Subject: I have found a CD that I think you would enjoy
|Seals, Vivino, Merritt|
Genres: Blues, Pop
When Son Seals' self-titled debut was released in 1973, his tutelage under blues greats like Sonny Boy Williamson and Albert King gave way to an identity as a new master of modern electric blues. Seals's maiden 21st-centur... more »
When Son Seals' self-titled debut was released in 1973, his tutelage under blues greats like Sonny Boy Williamson and Albert King gave way to an identity as a new master of modern electric blues. Seals's maiden 21st-century release, Lettin' Go, once again encapsulates all the things that have cemented that identity for an international following: painfully jagged guitar riffs, uncompromising, emotional vocals, and chops cut on a lifetime of jook joints and hard livin'. The record represents something of a departure for this notorious traditionalist. An acoustic guitar opens the record, which in Seals's repertoire is a rare sound indeed. Tracks like "Blues Holy Ghost" incorporate gospel stylings and sentiments. There's even a more-or-less straight-up rock track here, "Osceola Rock," and a guest appearance from Trey Anastasio from the rock band Phish. Still, when you hear Seals going to work on dirty, soulful workouts like "Bad Blood," there's no doubt where this man's true talents lie. --Matthew Cooke
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Kenneth A. Knowles | 04/27/2000
(3 out of 5 stars)
"It's great to have a new Son Seals album. "Lettin' Go" finds our hero plus a new label and minus a leg since his last studio album, 1994's solid "Nothing But the Truth" on Alligator (nobody has earned the right to sing the blues more than Son Seals, with what he's been through the last few years). The liner notes indicate this is the most freedom Son has had in the studio; no one would have been happier than I to say this translated into his best album. That is not, however, the case. "Lettin' Go" certainly is his most diverse album, and at 14 songs and more than 70 minutes, his most generous. But the biggest departures, the old time rock 'n' roll of "Osceola Rock" and the somewhat country influenced "Rockin' and Rollin' Tonight" fall flat. Other, more subtle branching out works better (such as the partially acoustic "Dear Son"), but the best songs, such as "Give the Devil His Due," sound the most like old Son Seals. Son plays well and his voice is decent, but he would have been better served by a more dynamic rhythm section and tougher sound -- as usual for Telarc, the sound of this disc is superficially pristine but lacks warmth and punch. All in all, this is worth having, just do not expect revelations. Maybe next time Son will have an editor in his ear, pull back and play to his strengths."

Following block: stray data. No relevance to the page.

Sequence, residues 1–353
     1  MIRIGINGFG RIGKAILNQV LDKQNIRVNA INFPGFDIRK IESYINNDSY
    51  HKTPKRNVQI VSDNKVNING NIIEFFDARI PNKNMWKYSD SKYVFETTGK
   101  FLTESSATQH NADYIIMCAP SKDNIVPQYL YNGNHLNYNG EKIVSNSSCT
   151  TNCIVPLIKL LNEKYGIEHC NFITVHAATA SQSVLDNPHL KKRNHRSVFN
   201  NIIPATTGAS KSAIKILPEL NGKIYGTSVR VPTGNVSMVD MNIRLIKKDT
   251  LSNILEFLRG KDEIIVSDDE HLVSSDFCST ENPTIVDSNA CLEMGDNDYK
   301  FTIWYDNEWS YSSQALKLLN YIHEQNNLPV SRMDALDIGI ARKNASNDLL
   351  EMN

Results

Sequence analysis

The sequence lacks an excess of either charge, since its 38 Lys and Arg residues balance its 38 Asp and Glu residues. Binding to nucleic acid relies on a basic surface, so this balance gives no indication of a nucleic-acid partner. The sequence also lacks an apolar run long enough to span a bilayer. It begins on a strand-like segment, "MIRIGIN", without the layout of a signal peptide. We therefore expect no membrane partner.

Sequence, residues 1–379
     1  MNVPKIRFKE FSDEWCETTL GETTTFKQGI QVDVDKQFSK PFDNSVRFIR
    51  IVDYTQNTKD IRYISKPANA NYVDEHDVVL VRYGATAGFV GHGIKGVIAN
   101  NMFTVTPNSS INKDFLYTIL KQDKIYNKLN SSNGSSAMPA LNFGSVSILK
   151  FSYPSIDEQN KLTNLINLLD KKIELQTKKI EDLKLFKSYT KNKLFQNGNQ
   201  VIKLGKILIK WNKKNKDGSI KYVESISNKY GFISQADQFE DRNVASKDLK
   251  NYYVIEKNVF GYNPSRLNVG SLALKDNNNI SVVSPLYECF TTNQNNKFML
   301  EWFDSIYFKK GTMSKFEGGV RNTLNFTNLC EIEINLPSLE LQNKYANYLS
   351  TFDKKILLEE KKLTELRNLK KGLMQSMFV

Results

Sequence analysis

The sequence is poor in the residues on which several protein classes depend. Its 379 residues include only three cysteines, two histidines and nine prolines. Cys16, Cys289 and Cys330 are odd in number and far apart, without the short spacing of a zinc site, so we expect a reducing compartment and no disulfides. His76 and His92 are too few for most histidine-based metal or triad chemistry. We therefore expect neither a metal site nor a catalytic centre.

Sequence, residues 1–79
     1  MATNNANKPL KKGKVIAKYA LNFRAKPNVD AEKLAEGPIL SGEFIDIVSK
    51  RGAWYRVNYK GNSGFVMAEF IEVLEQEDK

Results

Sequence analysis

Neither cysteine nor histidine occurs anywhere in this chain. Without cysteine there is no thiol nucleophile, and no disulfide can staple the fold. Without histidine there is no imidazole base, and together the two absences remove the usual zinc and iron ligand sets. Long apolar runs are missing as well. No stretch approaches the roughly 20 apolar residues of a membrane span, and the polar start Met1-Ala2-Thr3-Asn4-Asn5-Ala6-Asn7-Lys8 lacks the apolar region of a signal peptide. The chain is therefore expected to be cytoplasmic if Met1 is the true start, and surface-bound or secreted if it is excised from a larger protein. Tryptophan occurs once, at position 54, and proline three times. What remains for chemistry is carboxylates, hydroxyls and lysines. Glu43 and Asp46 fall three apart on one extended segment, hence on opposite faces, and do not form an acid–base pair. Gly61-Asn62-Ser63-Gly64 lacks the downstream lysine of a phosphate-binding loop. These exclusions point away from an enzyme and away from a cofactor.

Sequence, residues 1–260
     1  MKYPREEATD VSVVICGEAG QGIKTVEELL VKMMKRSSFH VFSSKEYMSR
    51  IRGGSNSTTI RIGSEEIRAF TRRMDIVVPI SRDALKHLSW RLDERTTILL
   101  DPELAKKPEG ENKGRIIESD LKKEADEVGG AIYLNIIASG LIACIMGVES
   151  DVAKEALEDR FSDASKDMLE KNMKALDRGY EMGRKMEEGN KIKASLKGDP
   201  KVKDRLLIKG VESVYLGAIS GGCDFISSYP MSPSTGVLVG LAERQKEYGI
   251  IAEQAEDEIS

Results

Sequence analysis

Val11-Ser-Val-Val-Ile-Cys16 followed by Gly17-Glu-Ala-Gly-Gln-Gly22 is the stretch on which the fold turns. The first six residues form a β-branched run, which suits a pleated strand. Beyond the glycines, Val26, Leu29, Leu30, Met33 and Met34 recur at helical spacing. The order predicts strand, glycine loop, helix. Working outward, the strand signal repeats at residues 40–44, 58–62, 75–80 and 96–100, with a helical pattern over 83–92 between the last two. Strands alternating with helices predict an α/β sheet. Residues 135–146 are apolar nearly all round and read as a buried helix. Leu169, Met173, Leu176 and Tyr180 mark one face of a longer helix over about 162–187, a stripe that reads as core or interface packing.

How did Son get into my brain?
Rebekah Sue Harris | West Haven, CT USA | 10/11/2000
(5 out of 5 stars)
"I ordered this CD to be delivered with the new Burke book ("Dead and Gone" by Andrew Vachss). Little did I know that the CD would be delivered after my boyfriend/almost fiancé/the first guy in 30 years who was ever nice to me/etc. would be caught cheating on me.I threw myself into the Blues.Son spoke from MY heart.THIS was my introduction to Son Seals."Let It Go" I played over and over. Sometimes, you just gotta let it go! It's upbeat beat pulled me out of my doldrums and its message got through to my brain. You listen to this CD enough, and if you've been lied to and cheated upon, you will embrace "Love Had A Breakdown" as you learn to love your freedom instead of hating it. (Does that make sense? I went from crying, to being able to welcome Son's "I no longer want you." That's a far cry from my earlier, "I can forgive you" -- and MUCH healthier.)I could pick through each song for you, but I think that each person who listens to it will get something different out of it, based on his/her own life experiences. I can honestly tell you that it made me feel better.I am not a blues connoisseur and indeed have only been listening to the blues for a few years (finding my choices based on amazon.com's recommendations to me, a registered user who buys Andrew Vachss books) -- so I can't critique this as a professional reviewer might. However, I'm a music fan going back as far as I can remember, and I can tell you that this is GREAT. The music wraps itself around the lyrics and the listener is given a package worth opening. Son's voice is the rich, deep green of a forest; it's cool and inviting and you can hear the wild animals in the underbrush even when you can't see them.Everyone whose heart has been broken should listen to this CD.Everyone who has a FRIEND whose heart has been broken should listen to this CD."
zak mucha | Brooklyn, NY | 05/20/2000
(5 out of 5 stars)
"The blues has always suffered academic purists with limited parameters who have to define what true 'blues' are. (They know eveything about the music except how to enjoy it.) Son Seals continues to leap over the experts with his new album, Lettin' Go. Blues experts can concern themselves with where Sonny Boy Williamson bought strings and they miss the point that the blues is about emotions and carrying them over to the audience. (I just saw Son Seals play to a packed house and the room was charged... Standing ovations, calls from the crowd, and women dancing like they were getting paid good money. Like we hear it used to be back in the day.) So, this is the problem with reviewing a true bluesman. It's hard to describe how someone takes you with them by playing guitar and singing. No equivalent catalyst can be described here. Buy the album and listen to Son Seals prove it himself."